By Simon Lack
The New York Times today has a piece on Richard Kinder, founder of Kinder Morgan (KMP), the largest publicly traded partnership in the U.S. KMP recently agreed to acquire El Paso Corporation to create an entity controlling 80,000 miles of pipeline crisscrossing the U.S. KMP is a Master Limited Partnership (MLP), which is to say that owners of LP units (as their shares are known) own a proportional stake in the underlying assets rather than shares in a corporation. The big advantage of this structure is that there is no 35% corporate income tax, so the profits flow straight through to the unitholders without the double taxation that occurs when corporations use after tax profits to pay dividends that are themselves taxable.
MLPs, and KMP in particular, also represent an investment in the growth of natural gas as a source of America's energy production. Cheap shale gas is increasingly being used to produce residential electricity. From 2005-2010 consumption for this purpose grew from 5.9TCFE (Trillion Cubic Feet Equivalent) to 7.4TCFE, more than 70% of the increase in total natural consumption to 24TCFE last year (according to the EIA). A shifting mix of energy sources requires new infrastructure to transport, store and refine it, which is what KMP recognizes. JPMorgan initiated coverage on the sector in October and expects $130BN in infrastructure spending over the next 10 years.
KMP pays a $4.64 distribution, giving a current yield of 5.9%. They've grown this distribution at a compound annual rate of 14%. This is high for an MLP, but 6% annual distributions with likely growth of 4-6% over the next 2-3 years is a reasonable assumption, offering the potential for 10-12% total return (assuming multiples are unchanged). Distributions are also largely tax-deferred, since much of the cash received by unitholders is classified on their K-1 as a return of capital, rather than income. Ah yes, you have to deal with a K-1 instead of a 1099. They're not for everybody, and unless you use a tax accountant and can afford to invest at least $250K in a diversified portfolio of individual names this sector is probably not for you.
But for high net worth investors interested in a 6% tax deferred distribution yield with likely 4-6% growth and tolerant of K-1s, this is a sector that belongs in most portfolios. In fact, I think MLPs are a great substitute for high yield bonds. They exhibit similar levels of price volatility (in a weak equity market they can fall farther than you'd like) but offer better return prospects. While unitholders do own equity interests, the overall risk/return characteristics are more bond-like than equity-like.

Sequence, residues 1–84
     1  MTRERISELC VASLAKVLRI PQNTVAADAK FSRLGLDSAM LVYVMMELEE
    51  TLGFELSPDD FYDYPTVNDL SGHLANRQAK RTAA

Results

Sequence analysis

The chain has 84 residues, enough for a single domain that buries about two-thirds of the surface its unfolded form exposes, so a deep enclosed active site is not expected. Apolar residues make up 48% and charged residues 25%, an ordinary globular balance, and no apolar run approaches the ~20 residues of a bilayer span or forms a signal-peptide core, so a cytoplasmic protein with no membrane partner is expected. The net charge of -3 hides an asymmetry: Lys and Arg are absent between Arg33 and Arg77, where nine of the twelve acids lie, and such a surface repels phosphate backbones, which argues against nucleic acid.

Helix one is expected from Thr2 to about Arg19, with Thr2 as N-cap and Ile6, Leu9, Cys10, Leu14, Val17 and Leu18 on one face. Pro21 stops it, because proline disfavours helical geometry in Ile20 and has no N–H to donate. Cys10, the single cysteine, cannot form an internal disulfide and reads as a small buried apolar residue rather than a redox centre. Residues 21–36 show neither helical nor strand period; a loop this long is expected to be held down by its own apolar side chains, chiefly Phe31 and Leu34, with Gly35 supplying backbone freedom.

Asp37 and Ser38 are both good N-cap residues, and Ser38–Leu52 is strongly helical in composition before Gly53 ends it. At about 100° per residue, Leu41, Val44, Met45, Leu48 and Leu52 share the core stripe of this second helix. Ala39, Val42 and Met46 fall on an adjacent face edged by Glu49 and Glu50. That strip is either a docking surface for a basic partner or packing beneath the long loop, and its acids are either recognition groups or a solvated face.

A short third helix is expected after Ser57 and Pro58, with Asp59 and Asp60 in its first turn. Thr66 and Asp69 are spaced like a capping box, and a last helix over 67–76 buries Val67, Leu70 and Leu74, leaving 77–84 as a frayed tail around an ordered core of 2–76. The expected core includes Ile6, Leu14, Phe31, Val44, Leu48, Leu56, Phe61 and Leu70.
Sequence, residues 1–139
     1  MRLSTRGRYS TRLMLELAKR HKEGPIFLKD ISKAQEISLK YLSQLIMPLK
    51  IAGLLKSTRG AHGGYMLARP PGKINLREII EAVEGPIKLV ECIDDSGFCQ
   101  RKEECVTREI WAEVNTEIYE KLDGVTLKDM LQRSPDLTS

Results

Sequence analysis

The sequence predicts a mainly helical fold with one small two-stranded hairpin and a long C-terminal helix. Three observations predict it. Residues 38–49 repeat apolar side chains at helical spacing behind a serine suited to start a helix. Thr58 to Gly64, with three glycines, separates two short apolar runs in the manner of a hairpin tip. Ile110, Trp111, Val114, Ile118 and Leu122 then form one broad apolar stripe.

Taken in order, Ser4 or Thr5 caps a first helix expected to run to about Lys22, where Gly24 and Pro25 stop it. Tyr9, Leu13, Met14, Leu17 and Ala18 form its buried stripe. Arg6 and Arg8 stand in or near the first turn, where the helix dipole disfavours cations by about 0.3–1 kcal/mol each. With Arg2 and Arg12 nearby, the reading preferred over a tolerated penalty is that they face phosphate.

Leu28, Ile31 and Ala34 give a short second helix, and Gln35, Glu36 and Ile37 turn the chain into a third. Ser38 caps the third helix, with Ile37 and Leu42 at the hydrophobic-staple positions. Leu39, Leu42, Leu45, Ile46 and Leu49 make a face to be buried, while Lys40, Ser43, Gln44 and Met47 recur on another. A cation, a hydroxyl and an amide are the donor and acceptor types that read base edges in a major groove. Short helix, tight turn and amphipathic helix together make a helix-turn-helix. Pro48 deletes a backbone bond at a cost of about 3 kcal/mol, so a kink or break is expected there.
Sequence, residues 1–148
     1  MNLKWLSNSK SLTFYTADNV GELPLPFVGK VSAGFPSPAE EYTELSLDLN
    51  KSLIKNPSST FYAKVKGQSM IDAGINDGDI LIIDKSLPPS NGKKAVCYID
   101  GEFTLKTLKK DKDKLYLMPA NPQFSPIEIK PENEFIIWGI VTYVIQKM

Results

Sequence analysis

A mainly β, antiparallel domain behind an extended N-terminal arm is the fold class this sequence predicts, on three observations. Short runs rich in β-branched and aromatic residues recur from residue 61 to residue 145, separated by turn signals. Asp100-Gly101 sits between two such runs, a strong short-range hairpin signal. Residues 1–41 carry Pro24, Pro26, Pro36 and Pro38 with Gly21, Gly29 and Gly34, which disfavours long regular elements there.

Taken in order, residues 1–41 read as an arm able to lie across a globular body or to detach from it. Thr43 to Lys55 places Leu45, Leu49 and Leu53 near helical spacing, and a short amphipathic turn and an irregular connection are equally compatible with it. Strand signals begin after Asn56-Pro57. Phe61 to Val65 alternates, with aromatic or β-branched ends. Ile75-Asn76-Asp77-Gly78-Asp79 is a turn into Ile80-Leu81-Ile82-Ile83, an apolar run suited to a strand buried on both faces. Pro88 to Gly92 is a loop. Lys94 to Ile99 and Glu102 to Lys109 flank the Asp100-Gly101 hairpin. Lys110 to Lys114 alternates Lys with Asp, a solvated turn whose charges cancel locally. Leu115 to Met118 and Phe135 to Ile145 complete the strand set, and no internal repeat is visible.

MLPs are putting in another solid year, with the Alerian MLP Index returning 7.7% for the year through November. That's ahead of both high-grade bonds (the Dow Jones Corporate Bond Index is +6%) and the S&P 500 (+1.1%) over the same period.
Government policy is to transfer real wealth from savers to borrowers. Policy rates and bond yields are being maintained at levels so low that, after taxes and inflation savers are virtually guaranteed to lose purchasing power. Bonds have their place in a portfolio, and no doubt there are plenty of issues facing markets right now starting with the Eurozone. But given the guaranteed poor long-term outlook for bonds, we think investors should be reducing their overall fixed income weighting in favor of alternative sources of income (such as MLPs) and dividend paying stocks.
Retail investors have been steadily increasing their holdings of corporate debt. For example, the iShares iBoxx Investment Grade Corporate Bond Fund (LQD) has seen steady growth in outstandings all year. Corporate bonds have been strong performers for the past couple of years, but with yields on high grade bonds currently around 4%, you can only make 4% and after 2.5% inflation there's about enough to pay taxes and that's it. The Federal Reserve is causing this distortion in the fixed income markets. They can keep it up for a long time.
Today's fixed income investors are competing with the world's deepest pocket - it's probably time to look elsewhere.